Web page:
A piece on this blog from 2014, which discussed Worcester Cathedral Library’s 16th and 17th century books containing Hebrew scripture, briefly mentioned the importance of Jerusalem to the Christian, Jewish and Islamic worlds. It contained a picture from a medieval manuscript which presented the city in an idealised, non-topographically accurate form.
Last September, I explored the development of world maps in the Early Modern period, looking at how the perceptions and depictions of the world changed over time. In this article, I’d like to combine the themes of these two pieces to investigate the Early Modern understanding of Jerusalem, as theorised in cartography and historiography.
A key theme around conceptualisation of the city concerns the perceptions of Jerusalem as a physical location and as a spiritual idea- the location of the Crucifixion and resurrection of Jesus, and hence the basis of Christianity. The relationship between these notions can be encapsulated in the views of Jerusalem as the spiritual centre of the world and as its geographical centre. In medieval thought, these facets were one and the same, as reflected in cartographic tradition where the city was literally at the centre of the world. It was the prime locus in the ‘mappaemundi’ (‘world cloths’, from which the word ‘map’ derives) with human existence emanating outwards from it. Jerusalem’s presence in the middle of medieval maps was less a faithful reflection of topographical accuracy, and more a firm assertion of its crucial nature to history, Christendom and human life.
However, as exploration, science and religion developed over the Early Modern era, the Holy Land and Jerusalem began to solidify more as geographical realities, fixed in space relative to the world around it and no longer at the hub of the world.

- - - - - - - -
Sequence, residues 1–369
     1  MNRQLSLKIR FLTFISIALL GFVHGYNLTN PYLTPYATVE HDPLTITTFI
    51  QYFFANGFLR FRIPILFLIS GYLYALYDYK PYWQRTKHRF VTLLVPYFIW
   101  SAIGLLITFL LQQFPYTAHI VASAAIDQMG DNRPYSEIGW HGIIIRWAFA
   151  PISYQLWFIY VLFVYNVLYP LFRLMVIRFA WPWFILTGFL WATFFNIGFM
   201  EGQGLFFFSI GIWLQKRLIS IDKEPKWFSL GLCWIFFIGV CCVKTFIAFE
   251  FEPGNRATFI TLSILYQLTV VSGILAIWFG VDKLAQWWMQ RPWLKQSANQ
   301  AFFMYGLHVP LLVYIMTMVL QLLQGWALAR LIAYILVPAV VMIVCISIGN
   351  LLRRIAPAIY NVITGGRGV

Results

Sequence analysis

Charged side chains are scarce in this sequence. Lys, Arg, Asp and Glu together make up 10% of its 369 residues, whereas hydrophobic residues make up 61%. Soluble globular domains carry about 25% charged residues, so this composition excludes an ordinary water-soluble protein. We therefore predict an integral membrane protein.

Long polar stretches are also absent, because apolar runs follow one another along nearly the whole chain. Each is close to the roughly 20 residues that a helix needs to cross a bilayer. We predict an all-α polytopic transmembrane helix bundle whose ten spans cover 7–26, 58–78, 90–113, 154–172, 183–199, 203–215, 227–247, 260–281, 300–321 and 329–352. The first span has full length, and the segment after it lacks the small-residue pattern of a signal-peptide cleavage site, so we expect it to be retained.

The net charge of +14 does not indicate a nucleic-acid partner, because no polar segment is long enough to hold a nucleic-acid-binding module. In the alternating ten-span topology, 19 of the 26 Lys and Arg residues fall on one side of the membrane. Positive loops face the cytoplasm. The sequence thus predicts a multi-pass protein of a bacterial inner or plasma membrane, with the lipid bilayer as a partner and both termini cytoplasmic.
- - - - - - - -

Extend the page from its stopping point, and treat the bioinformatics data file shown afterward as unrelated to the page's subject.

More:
As the understanding of the world’s form grew firmer, and as Europe’s political and economic clout rose, Jerusalem drifted from the centre of maps. Even in smaller scale regional maps, Jerusalem no longer took centre stage.
As a region, its spiritual importance remained intact, but the geographical focus had shifted. It may have been the notional centre of Christendom, but it was no longer the topographical centre of the world, and in maps it usually appeared no different from any other city.
Furthermore, it began to face new levels of cartographic scrutiny. Maps of the Levant were nothing new; the 13th Century English monk Matthew Paris, for instance, produced a map of Palestine. However, these maps were generally grounded in a tradition of pilgrimage, and acted as itineraries, travellers’ guides and as illustrations to accounts- geographical accuracy was neither a priority or easy to achieve. However, with the progression of cartographic technique, a large number of maps were created in the Early Modern period as scholars like Gerard Mercator (famous for the eponymous projection which is the basis of modern world maps), Peter Heylyn and Walter Raleigh sought to flesh out the geography of the area. Maps -which aim to provide a fixed snapshot of a particular space- show how the understanding of Jerusalem had changed; science began to outpace religious ideology, and the city was no longer at the centre of existence.
This early modern understanding of Jerusalem is expanded by exploring the contrast between the newer, more scientific cartography and the more traditional historiography, which was still very much grounded in Abrahamic scriptures.
Worcester Cathedral library has many Early Modern works of world history, and many which focus on the Holy Land. Here, I’d like to focus on just one as an example.